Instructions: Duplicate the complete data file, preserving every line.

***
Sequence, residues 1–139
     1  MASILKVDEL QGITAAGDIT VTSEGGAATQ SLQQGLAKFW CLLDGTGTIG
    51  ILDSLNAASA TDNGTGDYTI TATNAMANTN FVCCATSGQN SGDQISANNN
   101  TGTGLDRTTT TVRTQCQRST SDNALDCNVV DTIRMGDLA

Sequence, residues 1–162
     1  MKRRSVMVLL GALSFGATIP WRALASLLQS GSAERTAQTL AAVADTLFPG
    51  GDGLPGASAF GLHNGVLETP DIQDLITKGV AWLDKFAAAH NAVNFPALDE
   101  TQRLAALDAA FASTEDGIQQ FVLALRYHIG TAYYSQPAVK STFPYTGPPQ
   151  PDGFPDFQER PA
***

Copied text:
Sequence, residues 1–139
     1  MASILKVDEL QGITAAGDIT VTSEGGAATQ SLQQGLAKFW CLLDGTGTIG
    51  ILDSLNAASA TDNGTGDYTI TATNAMANTN FVCCATSGQN SGDQISANNN
   101  TGTGLDRTTT TVRTQCQRST SDNALDCNVV DTIRMGDLA

Sequence, residues 1–162
     1  MKRRSVMVLL GALSFGATIP WRALASLLQS GSAERTAQTL AAVADTLFPG
    51  GDGLPGASAF GLHNGVLETP DIQDLITKGV AWLDKFAAAH NAVNFPALDE
   101  TQRLAALDAA FASTEDGIQQ FVLALRYHIG TAYYSQPAVK STFPYTGPPQ
   151  PDGFPDFQER PA